Charlie Morton is a free agent. On the list of things that don’t make sense baseball-wise in 2020, this has to rank up near the top. Sure, everyone was shocked when the Indians non-tendered Brad Hand. But Hand was a reliever. Morton is a good starting pitcher, one with a noted playoff performance history. Guys like this don’t grow on trees. Yet the Rays cut him loose rather than picking up his $15 million option.
There are a few things that we have to note. First is that Morton is old, as he’ll turn 37 later this month. And his former team, the AL champion Rays, are known for pinching pennies even when the cash is rolling in. Typically, it’s not a big story when the Rays part ways with a veteran – it’s what they do. Finally, Morton has hinted at retirement and likely had little or no trade value due to this.
But if Morton isn’t set in stone on playing in Tampa or retiring, then the Mets should absolutely be interested in him.
The Mets have already extended the Qualifying Offer to Marcus Stroman and have been consistently mentioned by national writers as one of the clubs likely to be in on Trevor Bauer, considered the top starter in free agency. But even if Stroman takes the QO and Bauer goes to the Mets, the club should still be interested in Morton.
Right now, the staff is Jacob deGrom and a lot of question marks. David Peterson had terrific results after starting 2020 as a depth starter at the alternate site. But his peripherals paint a much different picture than his results, making it hard to consider him more than a low-end SP4. Seth Lugo was finally given a chance to start and while not much was proven in his seven outings, it’s not hard to imagine the Mets preferring to utilize him out of the pen. And who knows when Noah Syndergaard will be back on the Citi Field mound.
The question has been if the club should be in the market for two or three starting pitchers this offseason. A hurler with the quality of Morton being available definitely moves the needle towards getting three. And while you always have to be wary of a pitcher at that age, it might work out in favor of the Mets. It’s hard to imagine any club giving Morton more than two years and it’s just as likely to be a one-year contract.
In his last full season in 2019, Morton posted a 6.1 fWAR. This past year he was sidelined for three weeks due to shoulder inflammation and only made nine starts. Still, he posted a 0.9 fWAR when he was healthy. Morton made five starts in September and had an ERA over a full run better than his mark before hitting the IL. Then he made four starts in the playoffs, allowing 6 ER in 20 IP, good for a 2.70 ERA.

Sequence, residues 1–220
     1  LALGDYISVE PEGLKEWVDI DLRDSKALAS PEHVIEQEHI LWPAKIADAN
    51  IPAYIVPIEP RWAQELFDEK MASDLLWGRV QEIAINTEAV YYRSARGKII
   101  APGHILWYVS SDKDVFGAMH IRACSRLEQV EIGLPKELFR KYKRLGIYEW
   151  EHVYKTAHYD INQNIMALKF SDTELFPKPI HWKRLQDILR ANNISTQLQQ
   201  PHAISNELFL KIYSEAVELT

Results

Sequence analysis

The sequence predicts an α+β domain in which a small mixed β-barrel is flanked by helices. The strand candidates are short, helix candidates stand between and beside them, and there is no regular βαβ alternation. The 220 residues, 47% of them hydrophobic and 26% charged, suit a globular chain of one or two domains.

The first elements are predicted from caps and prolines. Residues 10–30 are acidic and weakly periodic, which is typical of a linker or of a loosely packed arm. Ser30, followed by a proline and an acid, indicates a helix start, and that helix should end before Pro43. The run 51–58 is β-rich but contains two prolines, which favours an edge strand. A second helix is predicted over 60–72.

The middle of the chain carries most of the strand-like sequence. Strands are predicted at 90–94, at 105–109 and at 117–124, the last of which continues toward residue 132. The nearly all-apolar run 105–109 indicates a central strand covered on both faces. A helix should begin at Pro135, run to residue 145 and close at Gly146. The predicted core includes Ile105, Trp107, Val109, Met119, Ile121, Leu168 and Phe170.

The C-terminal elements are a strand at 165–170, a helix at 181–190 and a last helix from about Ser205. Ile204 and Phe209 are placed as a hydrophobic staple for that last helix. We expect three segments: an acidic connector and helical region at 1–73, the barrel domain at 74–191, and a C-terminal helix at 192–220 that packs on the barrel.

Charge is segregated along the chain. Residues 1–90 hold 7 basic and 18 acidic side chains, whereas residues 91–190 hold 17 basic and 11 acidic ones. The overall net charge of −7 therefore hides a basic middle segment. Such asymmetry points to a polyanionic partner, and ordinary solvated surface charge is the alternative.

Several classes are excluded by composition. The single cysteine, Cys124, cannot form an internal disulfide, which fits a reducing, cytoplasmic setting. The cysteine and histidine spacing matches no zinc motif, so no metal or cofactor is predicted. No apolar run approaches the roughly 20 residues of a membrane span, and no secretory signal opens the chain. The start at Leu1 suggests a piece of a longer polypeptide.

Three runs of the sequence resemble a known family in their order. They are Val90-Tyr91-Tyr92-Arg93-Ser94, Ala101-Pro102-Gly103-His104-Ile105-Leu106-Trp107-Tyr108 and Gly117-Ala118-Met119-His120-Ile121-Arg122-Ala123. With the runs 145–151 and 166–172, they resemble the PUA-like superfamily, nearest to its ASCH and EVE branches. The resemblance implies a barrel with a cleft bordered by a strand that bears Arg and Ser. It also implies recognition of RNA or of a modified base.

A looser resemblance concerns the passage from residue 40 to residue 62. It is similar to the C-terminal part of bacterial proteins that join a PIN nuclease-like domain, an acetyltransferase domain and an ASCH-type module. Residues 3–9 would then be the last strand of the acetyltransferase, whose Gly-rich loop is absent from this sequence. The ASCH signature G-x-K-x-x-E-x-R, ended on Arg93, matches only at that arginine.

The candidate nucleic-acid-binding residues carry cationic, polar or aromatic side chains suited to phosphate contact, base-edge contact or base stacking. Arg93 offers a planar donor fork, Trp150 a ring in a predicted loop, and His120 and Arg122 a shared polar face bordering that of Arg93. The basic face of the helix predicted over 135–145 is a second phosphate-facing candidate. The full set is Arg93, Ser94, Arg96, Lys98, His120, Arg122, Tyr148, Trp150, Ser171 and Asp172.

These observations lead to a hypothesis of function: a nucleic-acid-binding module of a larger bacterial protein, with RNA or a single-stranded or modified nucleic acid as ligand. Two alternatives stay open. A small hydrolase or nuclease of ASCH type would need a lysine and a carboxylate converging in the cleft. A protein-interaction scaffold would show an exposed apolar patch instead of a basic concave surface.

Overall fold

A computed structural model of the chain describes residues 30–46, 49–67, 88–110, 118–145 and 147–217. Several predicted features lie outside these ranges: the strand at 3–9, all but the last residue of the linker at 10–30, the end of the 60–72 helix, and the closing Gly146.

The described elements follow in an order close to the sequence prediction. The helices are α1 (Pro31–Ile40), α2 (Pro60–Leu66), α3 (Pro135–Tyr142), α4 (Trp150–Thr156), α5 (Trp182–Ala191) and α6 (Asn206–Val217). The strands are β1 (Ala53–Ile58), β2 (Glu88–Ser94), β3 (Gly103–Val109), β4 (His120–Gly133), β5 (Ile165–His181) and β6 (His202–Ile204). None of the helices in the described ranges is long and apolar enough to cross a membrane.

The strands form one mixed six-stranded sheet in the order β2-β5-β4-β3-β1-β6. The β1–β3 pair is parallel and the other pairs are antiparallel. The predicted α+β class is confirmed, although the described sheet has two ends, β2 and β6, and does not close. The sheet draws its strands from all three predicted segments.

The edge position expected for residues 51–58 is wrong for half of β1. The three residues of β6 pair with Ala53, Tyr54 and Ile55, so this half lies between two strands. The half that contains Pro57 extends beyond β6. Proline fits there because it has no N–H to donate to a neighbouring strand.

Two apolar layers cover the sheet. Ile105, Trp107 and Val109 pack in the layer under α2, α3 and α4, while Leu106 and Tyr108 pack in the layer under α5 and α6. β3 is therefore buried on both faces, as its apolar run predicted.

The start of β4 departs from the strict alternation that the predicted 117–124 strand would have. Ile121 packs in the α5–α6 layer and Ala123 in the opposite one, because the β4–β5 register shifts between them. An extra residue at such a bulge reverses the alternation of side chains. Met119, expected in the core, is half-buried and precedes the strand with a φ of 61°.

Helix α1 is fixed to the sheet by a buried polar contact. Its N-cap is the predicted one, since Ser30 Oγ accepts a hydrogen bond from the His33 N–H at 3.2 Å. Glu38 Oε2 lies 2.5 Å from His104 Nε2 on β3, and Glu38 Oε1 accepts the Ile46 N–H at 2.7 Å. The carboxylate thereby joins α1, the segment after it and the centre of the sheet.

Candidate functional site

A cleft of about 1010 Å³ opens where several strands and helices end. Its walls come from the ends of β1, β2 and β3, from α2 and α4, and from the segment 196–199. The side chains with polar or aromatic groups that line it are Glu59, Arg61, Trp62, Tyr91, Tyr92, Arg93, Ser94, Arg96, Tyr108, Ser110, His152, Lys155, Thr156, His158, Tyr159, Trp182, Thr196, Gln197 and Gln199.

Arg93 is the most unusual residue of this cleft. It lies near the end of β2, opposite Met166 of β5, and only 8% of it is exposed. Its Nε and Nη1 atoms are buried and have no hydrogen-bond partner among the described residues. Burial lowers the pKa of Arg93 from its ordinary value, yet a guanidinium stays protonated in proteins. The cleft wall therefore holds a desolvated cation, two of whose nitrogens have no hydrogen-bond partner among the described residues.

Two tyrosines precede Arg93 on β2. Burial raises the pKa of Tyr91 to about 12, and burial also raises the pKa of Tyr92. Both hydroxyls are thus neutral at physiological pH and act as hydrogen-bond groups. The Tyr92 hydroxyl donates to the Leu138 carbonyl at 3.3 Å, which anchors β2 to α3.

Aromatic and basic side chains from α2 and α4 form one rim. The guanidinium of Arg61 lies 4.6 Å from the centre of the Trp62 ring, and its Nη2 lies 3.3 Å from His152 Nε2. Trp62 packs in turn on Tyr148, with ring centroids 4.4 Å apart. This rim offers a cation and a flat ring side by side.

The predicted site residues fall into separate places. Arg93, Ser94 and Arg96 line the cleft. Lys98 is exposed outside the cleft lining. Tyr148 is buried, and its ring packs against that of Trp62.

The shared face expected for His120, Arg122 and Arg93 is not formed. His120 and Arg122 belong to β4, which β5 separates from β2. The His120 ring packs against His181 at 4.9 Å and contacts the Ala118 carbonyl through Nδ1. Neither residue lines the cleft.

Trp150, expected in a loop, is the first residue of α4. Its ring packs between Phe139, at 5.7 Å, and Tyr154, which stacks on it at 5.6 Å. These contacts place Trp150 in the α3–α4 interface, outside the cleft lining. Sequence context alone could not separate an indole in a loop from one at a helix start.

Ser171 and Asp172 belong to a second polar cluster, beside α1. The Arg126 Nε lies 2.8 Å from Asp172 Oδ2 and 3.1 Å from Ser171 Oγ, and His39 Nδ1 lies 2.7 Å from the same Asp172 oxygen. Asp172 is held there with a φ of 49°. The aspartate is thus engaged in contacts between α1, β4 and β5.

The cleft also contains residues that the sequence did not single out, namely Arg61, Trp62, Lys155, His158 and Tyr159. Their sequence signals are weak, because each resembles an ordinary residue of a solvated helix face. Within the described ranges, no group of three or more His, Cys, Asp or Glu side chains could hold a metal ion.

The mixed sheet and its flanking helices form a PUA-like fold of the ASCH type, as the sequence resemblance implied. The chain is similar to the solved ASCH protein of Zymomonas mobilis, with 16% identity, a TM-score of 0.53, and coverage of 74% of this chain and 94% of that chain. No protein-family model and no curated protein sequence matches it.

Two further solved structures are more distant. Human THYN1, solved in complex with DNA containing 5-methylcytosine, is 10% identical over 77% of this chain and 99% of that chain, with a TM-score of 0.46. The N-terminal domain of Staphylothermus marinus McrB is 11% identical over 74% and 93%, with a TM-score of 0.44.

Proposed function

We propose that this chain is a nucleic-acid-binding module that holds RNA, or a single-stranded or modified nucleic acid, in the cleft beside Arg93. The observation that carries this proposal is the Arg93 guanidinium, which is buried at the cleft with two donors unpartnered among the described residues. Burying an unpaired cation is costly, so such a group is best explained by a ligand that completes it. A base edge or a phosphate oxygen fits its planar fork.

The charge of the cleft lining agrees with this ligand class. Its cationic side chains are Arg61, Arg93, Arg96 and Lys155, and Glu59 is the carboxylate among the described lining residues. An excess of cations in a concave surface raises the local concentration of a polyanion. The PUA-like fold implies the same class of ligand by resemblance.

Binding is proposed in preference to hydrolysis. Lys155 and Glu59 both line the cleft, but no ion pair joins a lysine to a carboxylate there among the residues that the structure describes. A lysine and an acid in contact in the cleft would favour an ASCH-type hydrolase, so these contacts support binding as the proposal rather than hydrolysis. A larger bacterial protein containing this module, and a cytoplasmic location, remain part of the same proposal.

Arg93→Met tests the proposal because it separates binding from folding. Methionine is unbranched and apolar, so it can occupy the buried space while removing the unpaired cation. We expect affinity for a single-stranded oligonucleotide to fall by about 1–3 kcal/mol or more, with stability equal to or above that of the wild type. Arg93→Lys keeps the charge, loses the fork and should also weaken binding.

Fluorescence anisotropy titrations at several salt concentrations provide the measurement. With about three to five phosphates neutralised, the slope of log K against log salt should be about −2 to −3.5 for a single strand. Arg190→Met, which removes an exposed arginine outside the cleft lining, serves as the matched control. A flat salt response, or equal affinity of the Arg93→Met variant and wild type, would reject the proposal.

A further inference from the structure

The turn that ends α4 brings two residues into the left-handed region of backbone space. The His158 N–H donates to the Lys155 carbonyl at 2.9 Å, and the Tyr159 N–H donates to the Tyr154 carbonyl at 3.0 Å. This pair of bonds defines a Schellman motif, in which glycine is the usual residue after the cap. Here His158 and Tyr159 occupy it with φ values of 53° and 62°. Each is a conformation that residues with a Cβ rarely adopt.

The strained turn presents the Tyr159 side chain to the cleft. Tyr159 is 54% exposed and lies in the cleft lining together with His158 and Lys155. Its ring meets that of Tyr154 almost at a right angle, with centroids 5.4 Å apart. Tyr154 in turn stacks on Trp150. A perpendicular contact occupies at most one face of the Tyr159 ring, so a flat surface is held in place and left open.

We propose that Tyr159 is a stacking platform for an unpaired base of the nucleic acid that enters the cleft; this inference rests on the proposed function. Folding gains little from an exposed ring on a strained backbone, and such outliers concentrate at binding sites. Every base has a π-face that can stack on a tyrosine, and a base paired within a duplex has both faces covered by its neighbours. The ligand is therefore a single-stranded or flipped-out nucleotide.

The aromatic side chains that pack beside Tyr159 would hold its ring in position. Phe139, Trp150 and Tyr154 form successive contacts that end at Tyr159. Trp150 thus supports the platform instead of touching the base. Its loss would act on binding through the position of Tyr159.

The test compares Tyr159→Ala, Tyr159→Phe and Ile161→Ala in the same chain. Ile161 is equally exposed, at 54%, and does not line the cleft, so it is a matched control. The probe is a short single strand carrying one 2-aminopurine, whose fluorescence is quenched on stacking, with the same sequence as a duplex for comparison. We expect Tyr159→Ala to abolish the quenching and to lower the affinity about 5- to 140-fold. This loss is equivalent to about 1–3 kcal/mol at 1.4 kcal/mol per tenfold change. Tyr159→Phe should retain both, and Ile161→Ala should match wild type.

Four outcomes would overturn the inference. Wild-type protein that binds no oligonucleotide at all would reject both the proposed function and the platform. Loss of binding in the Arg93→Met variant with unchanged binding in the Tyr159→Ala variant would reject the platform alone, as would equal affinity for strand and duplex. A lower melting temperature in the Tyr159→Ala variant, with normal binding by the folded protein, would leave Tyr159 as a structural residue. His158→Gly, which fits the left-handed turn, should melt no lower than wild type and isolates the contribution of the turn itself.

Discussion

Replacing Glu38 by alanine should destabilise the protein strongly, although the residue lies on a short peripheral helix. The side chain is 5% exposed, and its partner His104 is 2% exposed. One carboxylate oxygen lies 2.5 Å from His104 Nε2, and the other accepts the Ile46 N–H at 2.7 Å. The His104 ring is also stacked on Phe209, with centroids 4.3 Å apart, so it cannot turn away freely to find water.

Perhaps he’s never 2019 good ever again. But the pitcher he was the last nine starts of 2020 is just fine, thank you. In that span, Morton had a 3.48 ERA with 11 BB and 48 Ks in 41.1 IP. And that’s with facing the Yankees twice, the Astros twice and the Dodgers. It’s not a Bauer season where nine of the 12 teams he faced were below .500 for the year.
It’s tantalizing to think of a rotation of deGrom, Bauer, Stroman, Morton and Peterson. After starting pitching torpedoed the 2020 campaign, that would be a nice quintet to start the regular season. It has the added benefit of not counting on anything from Syndergaard. Morton would be a nice pickup if the Mets were to get him at the salary the Rays declined. And it’s not impossible he’d be available for even fewer dollars than that given the uncertainty of the Covid offseason.
Maybe it’s nothing but champagne dreams to imagine the Mets ending up with three free agent hurlers. It’s still nice that another quality starting pitcher is now on the market. This ups the odds that the Mets don’t have to end up counting on someone like Michael Wacha to provide crucial innings for the club. So, put Morton on your list of pitchers the Mets should target during the hot stove season.